MLB in particular compounded their problem by purposely turning a blind eye BCushingafter the lockout. Whether it was because they didn't want to go 20 rounds again with the players union or just got distracted by Mac's dingers, it created a scenario for a lot of guys where you juiced or fell behind guys who did. The numbers of ballplayers at the end of a needle doesn't apply to college football because college football never tacitly allowed it.

In football it's going that extra inch with Al Pacino and whatnot, but the rewards of a little bit extra, if extant, are hard to see. I don't doubt that there are players who use PEDs in college football, but the edge isn't going to show in practice or in stats, making it a dumbass risk to take without the promise of rewards. So then it's go big or don't bother, therefore fewer will bother.

More has gone into educating these guys about the risks of steroids than any generation before them, so I'd imagine they realize the increased risk of injury, which in a contact sport is closer to guaranteeing you'll get injured. I'd be way less surprised if they're taking brain drugs, e.g. Sammy Watkins, because those are widely available on a modern college campus and a full coarse load on top of the amount of study the game requires more concentration than physical endurance.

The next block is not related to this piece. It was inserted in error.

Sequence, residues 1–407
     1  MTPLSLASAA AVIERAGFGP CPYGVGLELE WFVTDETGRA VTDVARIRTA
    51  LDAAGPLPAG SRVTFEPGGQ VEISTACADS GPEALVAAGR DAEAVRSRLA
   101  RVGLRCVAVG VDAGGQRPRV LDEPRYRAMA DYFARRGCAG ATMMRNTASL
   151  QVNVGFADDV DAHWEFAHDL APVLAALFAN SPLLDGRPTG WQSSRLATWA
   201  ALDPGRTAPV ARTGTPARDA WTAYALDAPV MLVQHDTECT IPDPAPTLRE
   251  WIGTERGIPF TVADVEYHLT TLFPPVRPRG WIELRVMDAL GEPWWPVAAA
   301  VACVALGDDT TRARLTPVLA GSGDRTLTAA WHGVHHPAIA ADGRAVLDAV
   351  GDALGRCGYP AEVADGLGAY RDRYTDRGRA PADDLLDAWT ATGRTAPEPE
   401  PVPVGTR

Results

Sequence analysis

There's the few guys who go all Steve Lattimer, taking 1,000 to 10,000 times safe amounts of anabolic steroids to turn into starters. Brian Cushing (above, moments after owning Jake Long) had those rumors around him since high school, but only failed a drug test once, after he was in the NFL, and he disputes it. I'm not accusing Cushing—I'm saying if you start growing outside the bounds of the usual athlete growth rate (which is pretty high to begin with) people will notice. Also they test everybody on entry to the NFL. I think the risks for college football outweigh the benefits more than for other sports. I'm sure there's still dumbasses who do it anyway. I don't think you need to hedge your fandom for it.